Description: In this lecture, the professor covers sample-time M/M/1 queue, Burke’s theorem, branching processes, and Markov processes with countable state spaces.
Instructor: Prof. Robert Gallager
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PROFESSOR: OK, so I guess we're ready to start. Clearly, you can talk to us about the exams later if you want to. And we will both be around after class for a bit-- or I'll be around after class for a bit and regular office hours.
Wanted to finish talking about [INAUDIBLE] state Markov change today and go on to talk about Markov processes. And the first thing we want to talk about is what does reversibility mean. I think reversibility is one of these very, very tricky concepts that you think you understand about five times, and then you realize you don't understand it about five times. And hopefully by the sixth time, and we will see at about six times, so hopefully by the end of the term, it will look almost obvious to you.
And then, we're going to talk about branching processes. I said and what got passed out to you that I'd be talking about round robin and processor sharing. I decided not to do that. It was too much complexity for this part of the course. I will talk about it just for a few minutes. And then we'll go into Markov processes. And we will see most of the things we saw in Markov change again but in a different context and in a slightly more complicated context.
So for any Markov chain, we have these equations. Typically, you just state the equation of the probability of X sub n plus 1 given all the previous terms is equal to probability of Xn n plus 1 given Xn. It's an easy extension to write it this way. The probability of lots of things in the future given everything in the past is equal to lots of things in the future just given the most recent thing in the past.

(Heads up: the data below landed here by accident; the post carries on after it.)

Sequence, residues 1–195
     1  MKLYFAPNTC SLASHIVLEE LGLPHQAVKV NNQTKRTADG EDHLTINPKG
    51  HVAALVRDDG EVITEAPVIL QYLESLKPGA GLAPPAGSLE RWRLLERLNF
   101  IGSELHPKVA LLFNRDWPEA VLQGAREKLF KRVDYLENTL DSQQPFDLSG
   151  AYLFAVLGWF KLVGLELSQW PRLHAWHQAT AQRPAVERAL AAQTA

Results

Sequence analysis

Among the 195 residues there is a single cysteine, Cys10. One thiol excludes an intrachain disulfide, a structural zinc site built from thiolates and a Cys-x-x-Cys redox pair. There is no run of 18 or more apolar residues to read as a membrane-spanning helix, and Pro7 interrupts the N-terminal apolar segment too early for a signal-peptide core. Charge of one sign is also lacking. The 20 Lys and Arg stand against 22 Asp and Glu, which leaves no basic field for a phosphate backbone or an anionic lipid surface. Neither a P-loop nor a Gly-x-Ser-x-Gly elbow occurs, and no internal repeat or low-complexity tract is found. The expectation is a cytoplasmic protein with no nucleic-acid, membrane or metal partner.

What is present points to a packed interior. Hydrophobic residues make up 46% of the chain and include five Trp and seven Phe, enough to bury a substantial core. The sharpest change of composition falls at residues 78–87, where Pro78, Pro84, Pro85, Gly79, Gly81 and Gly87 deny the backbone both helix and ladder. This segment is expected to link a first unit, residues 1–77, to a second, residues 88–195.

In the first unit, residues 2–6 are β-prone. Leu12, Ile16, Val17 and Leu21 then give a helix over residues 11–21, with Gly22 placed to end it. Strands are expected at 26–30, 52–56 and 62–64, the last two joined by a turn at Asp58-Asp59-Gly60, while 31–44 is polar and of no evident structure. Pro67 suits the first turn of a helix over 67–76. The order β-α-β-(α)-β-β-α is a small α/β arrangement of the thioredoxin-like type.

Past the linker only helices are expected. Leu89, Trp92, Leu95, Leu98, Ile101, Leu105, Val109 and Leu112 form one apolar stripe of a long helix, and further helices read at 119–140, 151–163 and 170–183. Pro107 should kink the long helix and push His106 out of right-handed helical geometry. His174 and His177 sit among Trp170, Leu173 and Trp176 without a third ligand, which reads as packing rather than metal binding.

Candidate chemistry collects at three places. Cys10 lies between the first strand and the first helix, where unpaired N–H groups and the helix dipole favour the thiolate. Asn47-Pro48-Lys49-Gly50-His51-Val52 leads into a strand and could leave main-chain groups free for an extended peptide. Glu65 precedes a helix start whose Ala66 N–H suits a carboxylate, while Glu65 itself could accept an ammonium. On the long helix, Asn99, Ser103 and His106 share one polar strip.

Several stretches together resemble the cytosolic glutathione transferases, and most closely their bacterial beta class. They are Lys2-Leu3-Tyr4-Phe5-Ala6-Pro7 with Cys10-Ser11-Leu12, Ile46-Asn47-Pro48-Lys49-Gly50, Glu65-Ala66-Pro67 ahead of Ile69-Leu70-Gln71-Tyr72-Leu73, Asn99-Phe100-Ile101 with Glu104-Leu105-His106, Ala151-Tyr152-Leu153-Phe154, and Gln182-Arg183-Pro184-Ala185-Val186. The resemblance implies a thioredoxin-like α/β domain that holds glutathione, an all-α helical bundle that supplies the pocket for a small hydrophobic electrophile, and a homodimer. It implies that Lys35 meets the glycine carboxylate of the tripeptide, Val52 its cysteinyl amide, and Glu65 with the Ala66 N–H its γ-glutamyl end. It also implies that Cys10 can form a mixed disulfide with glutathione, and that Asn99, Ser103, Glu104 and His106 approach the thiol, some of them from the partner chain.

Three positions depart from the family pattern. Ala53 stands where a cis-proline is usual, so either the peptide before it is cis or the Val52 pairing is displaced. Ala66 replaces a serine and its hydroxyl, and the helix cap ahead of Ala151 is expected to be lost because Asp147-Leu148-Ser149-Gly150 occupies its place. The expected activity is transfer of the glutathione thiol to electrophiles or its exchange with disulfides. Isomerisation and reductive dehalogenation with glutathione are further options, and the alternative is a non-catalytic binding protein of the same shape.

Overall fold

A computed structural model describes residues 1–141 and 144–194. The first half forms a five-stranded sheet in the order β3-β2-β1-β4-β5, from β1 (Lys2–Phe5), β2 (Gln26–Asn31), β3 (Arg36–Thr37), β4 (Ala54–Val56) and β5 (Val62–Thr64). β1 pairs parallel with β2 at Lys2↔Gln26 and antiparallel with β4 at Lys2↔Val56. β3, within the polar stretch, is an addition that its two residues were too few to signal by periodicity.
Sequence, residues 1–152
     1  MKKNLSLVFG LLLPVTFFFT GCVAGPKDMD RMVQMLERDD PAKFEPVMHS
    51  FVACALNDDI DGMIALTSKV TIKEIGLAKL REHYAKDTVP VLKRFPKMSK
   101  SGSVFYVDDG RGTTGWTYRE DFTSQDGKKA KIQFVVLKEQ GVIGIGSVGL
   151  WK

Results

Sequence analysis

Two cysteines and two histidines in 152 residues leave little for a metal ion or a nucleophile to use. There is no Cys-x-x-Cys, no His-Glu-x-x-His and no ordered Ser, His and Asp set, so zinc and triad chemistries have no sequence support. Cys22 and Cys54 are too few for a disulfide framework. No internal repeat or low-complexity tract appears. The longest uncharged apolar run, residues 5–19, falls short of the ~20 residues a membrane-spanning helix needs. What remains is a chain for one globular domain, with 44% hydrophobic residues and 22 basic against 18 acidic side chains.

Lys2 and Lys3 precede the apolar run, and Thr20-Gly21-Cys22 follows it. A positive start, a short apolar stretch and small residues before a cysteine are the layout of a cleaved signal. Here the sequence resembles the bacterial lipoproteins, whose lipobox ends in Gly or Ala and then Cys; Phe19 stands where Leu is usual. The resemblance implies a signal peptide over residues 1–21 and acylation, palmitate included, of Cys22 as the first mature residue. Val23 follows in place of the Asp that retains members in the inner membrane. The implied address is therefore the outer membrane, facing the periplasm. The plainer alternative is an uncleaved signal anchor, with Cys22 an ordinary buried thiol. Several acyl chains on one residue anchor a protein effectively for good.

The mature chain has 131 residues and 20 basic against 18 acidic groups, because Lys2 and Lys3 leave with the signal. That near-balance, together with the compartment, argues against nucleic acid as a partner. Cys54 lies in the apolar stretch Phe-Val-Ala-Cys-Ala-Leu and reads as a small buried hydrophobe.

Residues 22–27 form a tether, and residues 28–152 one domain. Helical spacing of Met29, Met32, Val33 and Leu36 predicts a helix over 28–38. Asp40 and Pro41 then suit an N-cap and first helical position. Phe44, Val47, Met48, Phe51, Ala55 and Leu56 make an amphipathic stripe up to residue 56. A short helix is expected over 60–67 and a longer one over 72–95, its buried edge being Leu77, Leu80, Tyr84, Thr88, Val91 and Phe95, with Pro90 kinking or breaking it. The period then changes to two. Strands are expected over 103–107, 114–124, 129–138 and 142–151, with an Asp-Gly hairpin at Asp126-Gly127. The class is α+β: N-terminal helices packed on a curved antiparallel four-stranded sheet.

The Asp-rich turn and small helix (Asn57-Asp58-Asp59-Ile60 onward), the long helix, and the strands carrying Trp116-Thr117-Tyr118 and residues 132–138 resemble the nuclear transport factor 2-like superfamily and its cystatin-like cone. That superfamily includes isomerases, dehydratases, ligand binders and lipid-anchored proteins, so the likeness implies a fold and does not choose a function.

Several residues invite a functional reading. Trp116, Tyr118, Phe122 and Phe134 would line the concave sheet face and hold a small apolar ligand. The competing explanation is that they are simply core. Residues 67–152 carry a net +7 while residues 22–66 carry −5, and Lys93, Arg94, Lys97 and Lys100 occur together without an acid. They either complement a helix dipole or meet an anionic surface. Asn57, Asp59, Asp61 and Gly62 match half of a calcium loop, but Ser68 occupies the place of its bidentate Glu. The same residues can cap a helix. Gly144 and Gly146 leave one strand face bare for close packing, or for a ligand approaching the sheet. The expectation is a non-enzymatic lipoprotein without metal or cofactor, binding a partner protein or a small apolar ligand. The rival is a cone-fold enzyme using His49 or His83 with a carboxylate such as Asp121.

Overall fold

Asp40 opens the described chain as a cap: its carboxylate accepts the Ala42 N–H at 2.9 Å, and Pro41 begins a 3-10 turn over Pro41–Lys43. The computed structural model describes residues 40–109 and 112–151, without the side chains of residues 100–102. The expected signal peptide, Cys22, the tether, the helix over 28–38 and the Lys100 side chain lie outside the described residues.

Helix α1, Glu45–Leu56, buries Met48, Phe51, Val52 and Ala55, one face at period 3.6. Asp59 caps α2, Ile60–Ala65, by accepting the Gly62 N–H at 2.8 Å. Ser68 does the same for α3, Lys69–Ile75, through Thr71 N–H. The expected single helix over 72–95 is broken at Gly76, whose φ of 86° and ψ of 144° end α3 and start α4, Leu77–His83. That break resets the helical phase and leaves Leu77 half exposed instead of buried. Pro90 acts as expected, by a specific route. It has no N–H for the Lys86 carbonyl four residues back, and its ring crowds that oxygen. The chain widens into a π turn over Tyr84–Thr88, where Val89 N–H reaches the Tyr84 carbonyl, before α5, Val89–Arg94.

So what we did last time was to say let's let A plus be any function of all of these things here, and let's A minus be any function of all of these things here except for X sub n, namely X sub n minus 1 down to X0. And then what this says more generally is the probability of all these future things condition on Xn, and all the past things is equal to probability of the future given just Xn.
Then, we wrote that by multiplying by the probability of A minus given Xn. And you can write it in this nice symmetric form here. I'm hoping that these two laser pointers, one of them will keep working. And as soon as you write it in this symmetric form, it's clear that you can again turn it around and write in the past given the present and the future is equal to the past given the present.
So this formula really is the most symmetric form [? for it ?] and it really shows the symmetry of past future, at least as far as Markov chains are concerned. Yeah?
AUDIENCE: I don't understand [INAUDIBLE] write that down though. I feel like I'm missing a step. For example, let's say I [INAUDIBLE], I can't infer where I came from?
PROFESSOR: No, that's not what this says. I mean all it says is a probabilistic statement. It says everything you can say about X sub n plus 1 which was the first way we stated. Everything you know about X sub n plus 1, you can find out by just looking at X sub n. And knowing the things before that doesn't help you at all.
When you write it out a Markov chain in terms of a graph, you can see this because you see transitions going from one state to the next state. And you don't remember what the past is. The only part of the past you remember is just that last state. It look you're still puzzled.
So it's not how it's saying we can't tell anything about the past and the future. In fact, if you don't condition on X sub n, this stuff back here has a great deal to do with the stuff up here. I mean it's only when you do this conditioning, it is saying that the conditioning at the present is the only linkage you have between past and future. If you know where you are now, you don't have to know anything about the past and know what's going to happen in the future.